Because of a limited data set for some pump types, a significant dead band exists, such that when changing the C coefficient, no subsequent change in the percentage of pump failures is observed. This is a function of the small number of models available in that particular pump type. If more models for that pump class were included, should they exist in the marketplace, it would again change the equation that fits that data. The problem with trying to develop a precise data fit to some of these pump types is that the limited number of models available, along with the spread of the data, lead to a level of uncertainty, making a precise data fit unlikely. Further complicating the equation will not improve this precision and will make uniform implementation of the regulation more difficult.
The letter further points out that the Europump study was based on a population of more than 2,300 pumps, while the HI survey of U.S. pump manufacturers was based on a population of 2,124 pumps, using the same scope of equipment specified in the EU directive. The DOE framework document, however, states that 27,000 pump types were analyzed. HI questioned the validity and source of this number because it did not appear to match the proposed scope of the pump efficiency rulemaking. While the HI survey did not absolutely capture the complete marketplace, HI is confident that the market is not 13 times larger as noted in the DOE’s reference to 27,000 pump types. This conclusion is strengthened because most of the major corporations identified in the DOE framework document are represented in the HI survey.
The HI data analysis also sought to ascertain whether U.S. pump industry failure rates match those of the EU. Using EU C factors to determine the failure rates within the HI survey universe, aggregate failure rates were close to the 10-percent and 40-percent failure rates, as predicted by the equation for C values of 0.1 and 0.4, respectively. The HI survey of 17 manufacturers, however, yielded different results in some of the pump categories. The failure rate for each pump category is shown in Table 1. HI believes that this anomaly resulted because failure rates for all the categories combined in this initial analysis, which was based on averaging, would be different when each pump type was compared individually within its cohort group.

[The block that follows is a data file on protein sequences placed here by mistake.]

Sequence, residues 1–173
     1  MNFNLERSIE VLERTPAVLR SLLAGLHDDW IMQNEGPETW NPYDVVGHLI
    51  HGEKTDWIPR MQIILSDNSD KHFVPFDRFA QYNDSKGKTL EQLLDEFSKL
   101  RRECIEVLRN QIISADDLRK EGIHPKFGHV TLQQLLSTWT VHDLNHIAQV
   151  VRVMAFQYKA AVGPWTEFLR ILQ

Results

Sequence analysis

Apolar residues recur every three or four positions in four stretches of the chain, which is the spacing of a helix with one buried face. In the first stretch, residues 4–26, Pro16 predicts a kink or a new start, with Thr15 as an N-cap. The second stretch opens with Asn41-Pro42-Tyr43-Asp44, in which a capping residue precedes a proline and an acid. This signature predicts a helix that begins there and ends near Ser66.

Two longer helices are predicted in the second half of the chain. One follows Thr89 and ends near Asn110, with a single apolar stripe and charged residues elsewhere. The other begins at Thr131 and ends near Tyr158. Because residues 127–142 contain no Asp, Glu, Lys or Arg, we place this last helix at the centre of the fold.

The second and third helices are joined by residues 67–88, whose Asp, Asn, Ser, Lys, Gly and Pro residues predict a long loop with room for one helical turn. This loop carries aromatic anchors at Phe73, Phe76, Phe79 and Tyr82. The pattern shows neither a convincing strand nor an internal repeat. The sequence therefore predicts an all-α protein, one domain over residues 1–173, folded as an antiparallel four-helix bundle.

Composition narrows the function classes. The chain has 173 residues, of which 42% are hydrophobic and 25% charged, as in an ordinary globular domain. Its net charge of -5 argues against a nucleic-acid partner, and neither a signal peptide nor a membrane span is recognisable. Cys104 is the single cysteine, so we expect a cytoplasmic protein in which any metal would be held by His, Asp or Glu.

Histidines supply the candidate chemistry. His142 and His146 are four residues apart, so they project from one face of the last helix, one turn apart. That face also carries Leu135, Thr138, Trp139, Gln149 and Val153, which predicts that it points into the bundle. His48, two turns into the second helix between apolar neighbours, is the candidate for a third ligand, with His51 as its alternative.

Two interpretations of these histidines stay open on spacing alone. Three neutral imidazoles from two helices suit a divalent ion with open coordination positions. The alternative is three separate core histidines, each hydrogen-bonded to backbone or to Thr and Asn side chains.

To evaluate the same pumps again, on the basis of varying only the C factors in the equation, HI was able to obtain the respective 10-percent and 40-percent failure rates for the U.S. pump data. The C factors were changed to obtain the anticipated failure rates, and the data was then consistent with 10-percent and 40-percent failure rates (see Table 2).
Based on the differences in failure rates and C factors, HI determined how well the MEI equation used in the EU standard applies to the U.S. data set. Each set was plotted and visually compared to the shape of the MEI equation’s 3-D surface plot.
A quantitative analysis of the goodness of the fit for the equation is difficult because the equation is not meant to represent a fit to the data but instead a threshold value above which x percent of the data should be. Even plotting a MEI = 0.5 with 50 percent of the data points above and 50 percent of the points falling below the surface does not necessarily represent the best fit of the equation to the data because of the non-uniform distribution of the data set.
While other equations may fit the data better, they would be complicated to modify for the multiple pump categories and the two- and four-pole operating speeds. The variation of the constant C in the MEI 3-D quadratic equation represents a good data fit and a simple way to adapt the equation for different categories and operating speeds.
The modified C values to fit the North American data represent different efficiency thresholds that the U.S. pumps would need to achieve when compared to their EU counterparts. The percent efficiency difference for each pump type is shown in the Table 3. The values in parenthesis indicate instances in which the EU efficiency was greater than the North American efficiency.
Based on HI analysis, the MEI equation is a good fit for both U.S. and EU data. The equation only requires the adjustment of the C coefficient to correctly represent the proper threshold efficiencies for the various pump types and appears to be only slightly different for the EU and North American data sets. This approach achieves global harmonization of pump efficiency standards and provides a method that appears to be both technologically feasible and economically justified.